Estimating interaction delay in bicycle traffic from point measurements

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Planning for bicycle traffic is getting increasingly popular in cities, often motivated by that it is beneficial for the environment and the public health, and that it is a space efficient mode of transport. However, research on bicycle traffic has traditionally focused mainly on safety and mode choice, and less on traffic engineering topics such as investigating travel times, delays, and capacities. This study contributes to filling this gap by presenting a general method to estimate a volume -- delay function for bicycle traffic based on point measurements of passage time, speed, and lateral position, and, using estimates of the value of time in bicycle traffic, estimating the marginal cost of the interaction delay.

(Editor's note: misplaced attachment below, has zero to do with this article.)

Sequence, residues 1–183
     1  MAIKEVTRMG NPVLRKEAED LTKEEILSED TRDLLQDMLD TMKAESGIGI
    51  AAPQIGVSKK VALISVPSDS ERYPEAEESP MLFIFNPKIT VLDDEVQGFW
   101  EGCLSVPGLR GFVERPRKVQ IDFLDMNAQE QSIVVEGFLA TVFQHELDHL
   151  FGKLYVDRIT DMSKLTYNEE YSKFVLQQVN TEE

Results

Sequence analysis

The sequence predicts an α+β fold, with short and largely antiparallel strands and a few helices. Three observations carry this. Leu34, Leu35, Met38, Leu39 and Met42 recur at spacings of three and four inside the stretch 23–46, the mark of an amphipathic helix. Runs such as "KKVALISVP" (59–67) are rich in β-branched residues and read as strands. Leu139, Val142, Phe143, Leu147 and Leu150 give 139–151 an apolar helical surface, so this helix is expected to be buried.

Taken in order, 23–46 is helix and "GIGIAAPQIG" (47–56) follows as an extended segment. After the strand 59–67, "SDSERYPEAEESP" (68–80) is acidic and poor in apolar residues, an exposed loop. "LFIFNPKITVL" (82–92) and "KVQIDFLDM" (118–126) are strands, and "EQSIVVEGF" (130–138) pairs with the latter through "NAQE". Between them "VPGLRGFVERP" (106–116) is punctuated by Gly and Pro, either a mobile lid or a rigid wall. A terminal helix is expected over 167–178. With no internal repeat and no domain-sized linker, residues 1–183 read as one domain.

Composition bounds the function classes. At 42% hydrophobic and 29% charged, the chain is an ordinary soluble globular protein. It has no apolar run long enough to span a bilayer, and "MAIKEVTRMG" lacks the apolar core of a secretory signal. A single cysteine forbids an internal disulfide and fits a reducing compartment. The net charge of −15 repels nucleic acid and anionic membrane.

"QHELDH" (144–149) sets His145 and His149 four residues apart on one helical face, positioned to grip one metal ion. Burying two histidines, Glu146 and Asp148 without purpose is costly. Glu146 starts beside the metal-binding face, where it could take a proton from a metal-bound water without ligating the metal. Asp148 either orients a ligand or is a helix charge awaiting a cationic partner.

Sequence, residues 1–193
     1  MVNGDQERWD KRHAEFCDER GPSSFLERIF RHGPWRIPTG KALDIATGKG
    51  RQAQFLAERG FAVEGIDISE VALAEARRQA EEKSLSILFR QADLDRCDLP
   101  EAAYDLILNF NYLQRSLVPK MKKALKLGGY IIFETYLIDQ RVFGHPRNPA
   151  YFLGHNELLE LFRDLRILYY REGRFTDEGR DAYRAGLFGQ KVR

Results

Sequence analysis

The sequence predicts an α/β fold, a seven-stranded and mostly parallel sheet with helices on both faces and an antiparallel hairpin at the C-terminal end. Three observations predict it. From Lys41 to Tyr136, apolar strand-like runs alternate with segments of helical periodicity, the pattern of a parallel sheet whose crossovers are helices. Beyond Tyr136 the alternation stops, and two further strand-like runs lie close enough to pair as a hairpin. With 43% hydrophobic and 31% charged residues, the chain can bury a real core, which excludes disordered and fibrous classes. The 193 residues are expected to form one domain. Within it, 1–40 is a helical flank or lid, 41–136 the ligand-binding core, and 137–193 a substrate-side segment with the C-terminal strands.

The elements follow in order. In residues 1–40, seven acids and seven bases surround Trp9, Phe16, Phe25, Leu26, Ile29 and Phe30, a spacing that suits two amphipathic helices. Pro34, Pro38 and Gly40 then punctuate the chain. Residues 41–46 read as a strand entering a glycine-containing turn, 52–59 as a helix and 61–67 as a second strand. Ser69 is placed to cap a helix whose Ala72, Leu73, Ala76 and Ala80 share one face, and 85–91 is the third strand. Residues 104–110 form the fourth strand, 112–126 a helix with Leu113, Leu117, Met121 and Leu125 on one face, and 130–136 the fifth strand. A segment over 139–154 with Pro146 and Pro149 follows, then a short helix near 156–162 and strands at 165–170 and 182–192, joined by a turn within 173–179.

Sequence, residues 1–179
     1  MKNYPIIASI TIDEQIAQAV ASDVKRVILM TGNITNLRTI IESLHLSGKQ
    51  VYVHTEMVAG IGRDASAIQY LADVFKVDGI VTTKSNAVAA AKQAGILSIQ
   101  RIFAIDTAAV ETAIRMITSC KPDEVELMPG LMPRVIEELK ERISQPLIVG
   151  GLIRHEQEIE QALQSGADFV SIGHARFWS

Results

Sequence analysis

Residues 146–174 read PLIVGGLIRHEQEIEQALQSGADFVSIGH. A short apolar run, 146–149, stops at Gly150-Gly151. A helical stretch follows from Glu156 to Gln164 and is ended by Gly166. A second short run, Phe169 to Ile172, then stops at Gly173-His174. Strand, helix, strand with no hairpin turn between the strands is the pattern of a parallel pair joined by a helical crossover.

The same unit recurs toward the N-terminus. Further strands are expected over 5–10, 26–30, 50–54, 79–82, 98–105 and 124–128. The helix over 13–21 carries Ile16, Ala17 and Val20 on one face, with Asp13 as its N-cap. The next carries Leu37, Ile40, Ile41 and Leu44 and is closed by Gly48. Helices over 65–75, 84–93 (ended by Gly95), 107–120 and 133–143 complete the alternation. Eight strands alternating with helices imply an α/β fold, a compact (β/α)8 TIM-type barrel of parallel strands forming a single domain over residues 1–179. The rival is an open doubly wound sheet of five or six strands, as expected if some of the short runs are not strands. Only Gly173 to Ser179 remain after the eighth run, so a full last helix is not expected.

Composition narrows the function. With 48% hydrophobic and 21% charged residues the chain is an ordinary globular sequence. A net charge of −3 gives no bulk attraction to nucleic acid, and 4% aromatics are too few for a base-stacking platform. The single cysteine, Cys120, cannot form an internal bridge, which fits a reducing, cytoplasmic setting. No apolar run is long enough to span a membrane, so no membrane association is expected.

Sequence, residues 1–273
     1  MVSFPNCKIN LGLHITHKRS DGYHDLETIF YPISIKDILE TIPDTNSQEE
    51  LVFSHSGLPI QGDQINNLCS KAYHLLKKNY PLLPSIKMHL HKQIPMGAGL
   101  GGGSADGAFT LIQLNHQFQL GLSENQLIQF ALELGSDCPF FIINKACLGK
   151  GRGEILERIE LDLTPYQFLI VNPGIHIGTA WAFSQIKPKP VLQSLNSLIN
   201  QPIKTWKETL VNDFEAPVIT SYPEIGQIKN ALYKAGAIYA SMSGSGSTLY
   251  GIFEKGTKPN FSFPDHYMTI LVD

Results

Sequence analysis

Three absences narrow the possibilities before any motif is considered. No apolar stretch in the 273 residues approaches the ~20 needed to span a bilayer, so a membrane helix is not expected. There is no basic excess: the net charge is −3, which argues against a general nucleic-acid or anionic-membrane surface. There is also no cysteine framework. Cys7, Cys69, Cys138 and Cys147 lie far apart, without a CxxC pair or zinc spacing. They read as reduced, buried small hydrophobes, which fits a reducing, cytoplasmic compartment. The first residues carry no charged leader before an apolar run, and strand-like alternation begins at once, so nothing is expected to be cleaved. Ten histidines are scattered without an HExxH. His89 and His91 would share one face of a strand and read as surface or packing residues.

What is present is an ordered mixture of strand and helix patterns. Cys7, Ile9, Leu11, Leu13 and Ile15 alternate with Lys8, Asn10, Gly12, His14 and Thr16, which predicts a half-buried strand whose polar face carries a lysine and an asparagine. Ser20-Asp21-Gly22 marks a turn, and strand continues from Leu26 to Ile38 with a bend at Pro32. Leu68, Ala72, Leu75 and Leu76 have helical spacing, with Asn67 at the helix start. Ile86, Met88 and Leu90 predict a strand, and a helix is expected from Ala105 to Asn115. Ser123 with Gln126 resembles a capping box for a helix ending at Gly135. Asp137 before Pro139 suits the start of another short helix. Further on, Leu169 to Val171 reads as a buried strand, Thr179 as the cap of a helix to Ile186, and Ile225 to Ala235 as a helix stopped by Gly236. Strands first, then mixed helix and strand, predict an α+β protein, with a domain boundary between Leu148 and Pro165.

The proposed method is based on an established method to estimate the distribution of desired speeds, and extends this to estimate the delay of the observed cyclists. The method is demonstrated using a data set from a bridge in Stockholm, Sweden, showing that there is significant interaction delay and associated cost even for relatively modest volumes, implying that interaction delay and its cost should be considered when planning for bicycle traffic.

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